|Name: _________________________||Period: ___________________|
This test consists of 5 short answer questions, 10 short essay questions, and 1 (of 3) essay topics.
Short Answer Questions
1. Which of the following methods has been used to determine the shape of the Calabi-Yau space?
2. What is strong-weak duality?
3. What is the collapse and reformation of a Calabi-Yau shape called?
4. When the universe is at its smallest possible size, which other property is also at its maximum?
5. By what factor is the minimum mass of a wrapped string in determined?
Short Essay Questions
1. Are the extra-dimensions demanded by string theory, space or time dimensions? How are those dimensions experienced in everyday life?
2. Describe the difficulties in studying the entropy of a black hole.
3. What is the relationship between the elementary particles and the Calabi-Yau space?
4. What is the Calabi-Yau space?
5. Describe the nature and importance of the procedure discovered by Yau and Tian.
6. What is the major difference between the big bang with and without string theory?
7. Describe Kaluza-Klein theory.
8. Describe the history of space-time tears in physics.
9. What is a wormhole, and how is it formed?
10. Describe the state of the universe's expansion, including what its ultimate fate might be.
Write an essay for ONE of the following topics:
Essay Topic 1
The Most Famous Equation
Einstein's famous equation, E=mc^2 was not actually published in his original papers on relativity. It was a minor note in a clarification written later, but its importance was instantly recognized. Today, it is the most famous and recognizable equation in the world, and is used almost as a garnish to any depiction of scientific work. This essay is about the discovery and applications of this famous equation.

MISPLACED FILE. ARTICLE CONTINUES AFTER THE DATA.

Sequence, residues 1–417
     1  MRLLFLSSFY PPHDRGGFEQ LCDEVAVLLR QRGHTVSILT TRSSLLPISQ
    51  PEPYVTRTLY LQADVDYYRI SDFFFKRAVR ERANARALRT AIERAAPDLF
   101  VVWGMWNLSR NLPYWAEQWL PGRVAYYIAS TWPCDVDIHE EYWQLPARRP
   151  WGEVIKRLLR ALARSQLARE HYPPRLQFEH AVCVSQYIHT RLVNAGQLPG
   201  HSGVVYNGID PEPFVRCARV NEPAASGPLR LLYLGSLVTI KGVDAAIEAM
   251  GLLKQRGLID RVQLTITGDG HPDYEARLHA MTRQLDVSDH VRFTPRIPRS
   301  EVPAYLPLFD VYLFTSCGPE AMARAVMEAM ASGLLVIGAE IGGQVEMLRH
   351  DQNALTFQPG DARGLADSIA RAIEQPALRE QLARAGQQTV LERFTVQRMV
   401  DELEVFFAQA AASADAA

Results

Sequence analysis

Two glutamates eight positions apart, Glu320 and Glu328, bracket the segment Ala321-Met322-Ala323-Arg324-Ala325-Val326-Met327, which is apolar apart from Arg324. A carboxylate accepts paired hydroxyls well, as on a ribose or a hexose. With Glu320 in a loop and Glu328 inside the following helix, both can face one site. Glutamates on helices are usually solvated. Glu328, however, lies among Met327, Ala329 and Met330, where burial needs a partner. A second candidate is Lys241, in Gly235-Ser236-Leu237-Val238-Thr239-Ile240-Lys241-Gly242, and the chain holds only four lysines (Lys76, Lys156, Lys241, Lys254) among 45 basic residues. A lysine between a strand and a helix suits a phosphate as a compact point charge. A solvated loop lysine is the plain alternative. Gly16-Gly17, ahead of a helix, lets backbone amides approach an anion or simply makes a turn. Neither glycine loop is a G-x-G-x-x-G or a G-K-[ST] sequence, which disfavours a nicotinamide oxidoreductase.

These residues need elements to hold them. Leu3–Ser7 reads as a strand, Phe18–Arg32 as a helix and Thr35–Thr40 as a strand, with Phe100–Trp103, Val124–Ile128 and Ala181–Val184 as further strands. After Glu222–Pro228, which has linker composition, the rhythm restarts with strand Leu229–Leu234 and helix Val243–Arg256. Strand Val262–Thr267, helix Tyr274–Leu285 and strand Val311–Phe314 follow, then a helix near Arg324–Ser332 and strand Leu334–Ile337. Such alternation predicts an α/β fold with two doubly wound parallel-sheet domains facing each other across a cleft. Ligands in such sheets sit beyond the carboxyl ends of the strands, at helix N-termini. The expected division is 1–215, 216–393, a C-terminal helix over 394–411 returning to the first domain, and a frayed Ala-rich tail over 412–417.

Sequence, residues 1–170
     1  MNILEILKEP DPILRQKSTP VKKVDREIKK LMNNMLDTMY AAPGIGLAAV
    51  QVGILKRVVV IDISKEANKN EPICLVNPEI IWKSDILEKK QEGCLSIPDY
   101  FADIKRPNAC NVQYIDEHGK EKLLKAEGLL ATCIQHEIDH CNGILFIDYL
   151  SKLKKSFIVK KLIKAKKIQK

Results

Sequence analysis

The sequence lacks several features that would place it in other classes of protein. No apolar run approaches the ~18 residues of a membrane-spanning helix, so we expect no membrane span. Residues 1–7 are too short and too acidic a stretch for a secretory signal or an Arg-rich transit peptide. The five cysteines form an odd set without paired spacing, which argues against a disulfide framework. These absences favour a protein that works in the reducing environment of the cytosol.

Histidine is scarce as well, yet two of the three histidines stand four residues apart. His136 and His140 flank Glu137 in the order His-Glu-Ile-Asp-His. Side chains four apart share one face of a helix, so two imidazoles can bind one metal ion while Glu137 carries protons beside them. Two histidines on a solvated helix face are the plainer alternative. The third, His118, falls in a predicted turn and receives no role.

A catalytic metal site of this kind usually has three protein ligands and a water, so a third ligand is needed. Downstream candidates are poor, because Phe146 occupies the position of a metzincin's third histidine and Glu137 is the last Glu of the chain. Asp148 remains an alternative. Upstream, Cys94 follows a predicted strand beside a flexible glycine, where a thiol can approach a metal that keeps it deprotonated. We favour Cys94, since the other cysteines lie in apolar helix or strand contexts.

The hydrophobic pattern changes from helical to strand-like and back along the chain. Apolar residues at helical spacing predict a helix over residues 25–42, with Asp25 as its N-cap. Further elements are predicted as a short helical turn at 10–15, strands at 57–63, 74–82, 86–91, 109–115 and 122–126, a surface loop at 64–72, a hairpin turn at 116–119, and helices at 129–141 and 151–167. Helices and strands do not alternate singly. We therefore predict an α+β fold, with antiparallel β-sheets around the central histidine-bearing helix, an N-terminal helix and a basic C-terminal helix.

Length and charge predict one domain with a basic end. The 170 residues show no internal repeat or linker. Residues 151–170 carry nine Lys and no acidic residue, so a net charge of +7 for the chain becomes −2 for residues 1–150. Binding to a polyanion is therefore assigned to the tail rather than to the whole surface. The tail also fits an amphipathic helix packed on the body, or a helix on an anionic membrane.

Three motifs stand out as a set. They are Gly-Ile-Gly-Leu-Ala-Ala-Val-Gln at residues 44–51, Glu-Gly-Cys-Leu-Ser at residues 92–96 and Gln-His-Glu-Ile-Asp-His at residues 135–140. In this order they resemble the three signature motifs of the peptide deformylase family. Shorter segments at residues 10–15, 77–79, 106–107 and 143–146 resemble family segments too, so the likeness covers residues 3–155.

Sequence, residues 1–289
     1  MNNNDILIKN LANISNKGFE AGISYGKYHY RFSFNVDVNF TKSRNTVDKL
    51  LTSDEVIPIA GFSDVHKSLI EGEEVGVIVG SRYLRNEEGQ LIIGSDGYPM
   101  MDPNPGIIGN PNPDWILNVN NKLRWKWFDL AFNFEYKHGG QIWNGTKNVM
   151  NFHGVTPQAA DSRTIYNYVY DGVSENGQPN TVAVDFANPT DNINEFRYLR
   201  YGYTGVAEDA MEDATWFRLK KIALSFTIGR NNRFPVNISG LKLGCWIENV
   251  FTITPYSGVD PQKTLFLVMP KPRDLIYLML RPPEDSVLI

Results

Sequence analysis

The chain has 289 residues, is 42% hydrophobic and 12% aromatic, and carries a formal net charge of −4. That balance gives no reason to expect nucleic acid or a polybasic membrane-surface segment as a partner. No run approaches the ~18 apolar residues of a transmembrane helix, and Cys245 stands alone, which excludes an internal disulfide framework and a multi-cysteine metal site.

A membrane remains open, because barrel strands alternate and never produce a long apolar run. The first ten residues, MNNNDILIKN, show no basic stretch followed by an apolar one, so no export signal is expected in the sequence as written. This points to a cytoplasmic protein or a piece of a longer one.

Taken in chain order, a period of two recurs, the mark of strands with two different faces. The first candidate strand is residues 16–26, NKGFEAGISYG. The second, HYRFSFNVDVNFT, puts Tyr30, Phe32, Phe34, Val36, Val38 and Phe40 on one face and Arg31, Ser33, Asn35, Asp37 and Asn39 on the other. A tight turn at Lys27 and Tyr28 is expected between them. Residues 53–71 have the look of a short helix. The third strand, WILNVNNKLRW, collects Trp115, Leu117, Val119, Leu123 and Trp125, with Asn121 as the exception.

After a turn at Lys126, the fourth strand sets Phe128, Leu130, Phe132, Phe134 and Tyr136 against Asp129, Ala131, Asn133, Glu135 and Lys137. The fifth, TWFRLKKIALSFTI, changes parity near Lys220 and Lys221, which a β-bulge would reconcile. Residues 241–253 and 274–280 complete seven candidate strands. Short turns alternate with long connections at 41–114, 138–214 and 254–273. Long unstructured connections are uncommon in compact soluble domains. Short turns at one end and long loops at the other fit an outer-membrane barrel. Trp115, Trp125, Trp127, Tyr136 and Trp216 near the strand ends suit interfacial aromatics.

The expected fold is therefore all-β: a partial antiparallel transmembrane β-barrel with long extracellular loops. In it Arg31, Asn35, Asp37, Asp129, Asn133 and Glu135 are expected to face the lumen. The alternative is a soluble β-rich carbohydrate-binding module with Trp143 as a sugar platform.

Part 1) What does the equation mean? What does each component represent, and what is the underlying principle that the equation embodies?
Part 2) How was this equation discovered? Explain in detail how it is related to general relativity and how it indicates that no object with mass can move at exactly the speed of light.
Part 3) Explain some of the implications of this equation. How can its effects be observed in everyday life? How would our world be different if we were ignorant of this equation?
Essay Topic 2
M for Mystery
M-theory is an as yet undiscovered theory that would unit the five fields of string theory. What the "M" stands for is actually subject to some debate, but the theory suggests that there are connections between the five seemingly disparate theories.
Part 1) Describe the origin of the five string theories, explaining why their existence is an embarrassment for the field.
Part 2) Explain the history of M-theory. When and why was it proposed, and what progress has been made since it was created? What is its current scientific status?
Part 3) Explain the concept of duality, which relates different string theories. Has this theory has any success, and what are its prospects in the future?
Essay Topic 3
The Conflict of the Century
Between quantum mechanics and general relativity, almost any phenomenon in the universe can be explained and understood, but for physicists, this is not enough. It has long been known that these theories conflict with one another, and that therefore, neither of them can be exactly correct. The search for a single unifying theory that can reconcile these two branches of science is ongoing. String theory is just one of the many solutions that has been suggested, but it has lasted the longest and sustained the most scrutiny.
Part 1) Describe the conflicts between quantum mechanics and general relativity. How and where do these theories become mutually incomprehensible? Provide as many examples of these conflicts as possible.
Part 2) Research and describe some of the efforts to unify these fields, apart from string theory. How are these problems approached, and how successful have these theories been?
Part 3) Describe string theory's approach to resolving these conflicts. How does this approach differ from the others discussed above, and how successful has string theory been compared with these others?
This section contains 1,169 words
(approx. 4 pages at 300 words per page)